‘So You Want To Talk About Race’ – A Review

The brutal death of George Flyod at the hands of law enforcement officers has caused shock waves all over the world. Seeing that knee on his neck snuff the life out of him led to mass protests. It vindicated the cause for the Black Lives Matter (BLM) movement. His death shed light on the brazen acts of police brutality especially against black people in the United States. Racial discrimination is nothing new in America. Conversations around race and the terror that black people are subjected to is essential, now more than ever. 

That’s exactly what Ijeoma Oluo seeks to do in this utterly must-have, must-read book. She talks of her experience as a black woman in America. How the colour of her skin is woven into every aspect of her life. From how she dresses, where she goes to, her hair and how she talks. She tells of how she’s been called ‘too loud’ for speaking her mind. How she’s been told that her beautiful, natural, black hair is ‘too ethnic’ for the office. How she’s been followed by store clerk as soon as she stepped in to buy some groceries. How she was paid way less than her white colleagues for doing the same jobs. 

Ijeoma is a woman who stands on the shoulders of the literary giants that have come before her. Literary giants like Maya Angelou, Toni Morrison and Alice Walker. She continues the passionate call for justice and equality that Martin Luther, Rosa Parks, Nelson Mandela and Malcolm X fought for. As an author, she continues the painful but necessary conversation on racial equality.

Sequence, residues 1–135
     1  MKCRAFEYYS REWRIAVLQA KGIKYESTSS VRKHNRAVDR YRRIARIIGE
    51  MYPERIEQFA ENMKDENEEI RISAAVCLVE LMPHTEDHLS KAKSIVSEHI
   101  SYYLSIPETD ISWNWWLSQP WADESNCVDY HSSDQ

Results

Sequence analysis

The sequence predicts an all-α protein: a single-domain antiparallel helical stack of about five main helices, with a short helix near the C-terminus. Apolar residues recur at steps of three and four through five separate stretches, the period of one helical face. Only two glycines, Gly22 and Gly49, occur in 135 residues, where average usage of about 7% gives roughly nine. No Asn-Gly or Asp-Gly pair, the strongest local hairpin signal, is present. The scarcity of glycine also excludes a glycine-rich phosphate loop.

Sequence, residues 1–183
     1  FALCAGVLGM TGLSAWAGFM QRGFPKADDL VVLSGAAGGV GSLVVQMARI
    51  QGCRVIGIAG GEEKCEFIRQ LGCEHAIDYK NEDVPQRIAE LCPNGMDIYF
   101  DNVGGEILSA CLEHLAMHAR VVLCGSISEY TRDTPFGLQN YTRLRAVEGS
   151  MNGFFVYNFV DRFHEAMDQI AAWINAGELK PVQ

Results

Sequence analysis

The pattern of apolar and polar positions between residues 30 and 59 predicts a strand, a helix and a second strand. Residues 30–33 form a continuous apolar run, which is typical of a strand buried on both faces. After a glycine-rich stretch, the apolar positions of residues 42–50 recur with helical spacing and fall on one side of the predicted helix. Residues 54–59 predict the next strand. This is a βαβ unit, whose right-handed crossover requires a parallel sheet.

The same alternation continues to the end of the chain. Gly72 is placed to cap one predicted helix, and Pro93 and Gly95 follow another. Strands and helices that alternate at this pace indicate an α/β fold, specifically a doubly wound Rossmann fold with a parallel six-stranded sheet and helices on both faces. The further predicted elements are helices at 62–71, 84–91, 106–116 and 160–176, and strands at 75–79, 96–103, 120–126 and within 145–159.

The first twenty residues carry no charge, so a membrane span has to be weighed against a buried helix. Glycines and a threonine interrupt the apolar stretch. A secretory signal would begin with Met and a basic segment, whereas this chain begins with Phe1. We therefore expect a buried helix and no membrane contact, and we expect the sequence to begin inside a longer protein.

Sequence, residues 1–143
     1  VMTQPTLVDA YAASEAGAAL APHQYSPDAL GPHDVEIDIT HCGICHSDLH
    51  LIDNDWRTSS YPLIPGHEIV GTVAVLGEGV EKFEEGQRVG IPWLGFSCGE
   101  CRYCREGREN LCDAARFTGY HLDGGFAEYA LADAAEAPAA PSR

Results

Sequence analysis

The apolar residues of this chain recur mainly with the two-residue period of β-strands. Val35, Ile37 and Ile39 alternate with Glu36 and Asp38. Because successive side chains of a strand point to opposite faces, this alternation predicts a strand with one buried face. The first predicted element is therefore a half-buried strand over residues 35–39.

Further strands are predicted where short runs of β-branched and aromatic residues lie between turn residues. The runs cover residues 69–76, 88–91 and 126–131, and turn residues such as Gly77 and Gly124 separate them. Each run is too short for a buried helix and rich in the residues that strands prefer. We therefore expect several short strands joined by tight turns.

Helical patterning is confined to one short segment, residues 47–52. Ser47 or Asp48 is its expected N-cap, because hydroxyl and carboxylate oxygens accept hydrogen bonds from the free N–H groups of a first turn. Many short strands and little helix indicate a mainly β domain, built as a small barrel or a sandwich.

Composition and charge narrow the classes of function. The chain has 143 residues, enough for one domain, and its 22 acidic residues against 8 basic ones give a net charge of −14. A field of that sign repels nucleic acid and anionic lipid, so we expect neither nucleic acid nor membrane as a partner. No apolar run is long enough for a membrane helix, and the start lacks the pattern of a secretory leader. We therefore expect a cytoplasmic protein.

Like her predecessors, she isn’t all complaints and no solutions. Herein, she has conscientiously proposed practical and relevant steps that we can take to end racial oppression. 

This is the passionate, well-researched, well-articulated work of a woman who has borne the yoke of racial prejudice. A woman who decided to start writing about her fears and frustrations. A woman who felt so oppressed by the very system that is supposed to protect her. A woman who embodied the words of Bishop Desmond Tutu; “If you are neutral in situations of injustice, you have chosen the side of the oppressor.”

This is the book for the billions of people around the world who want to be judged not by the colour of their skin but by the content of their character. This is the book for people who don’t want to live in fear of law enforcers. This is the book for people who want to be treated with dignity and respect. This is the book for people who believe there’s more that unites us than divides us. 

In Ijeoma’s words; “It all starts with a conversation.”

Get yourself a copy of this book and join the conversation!


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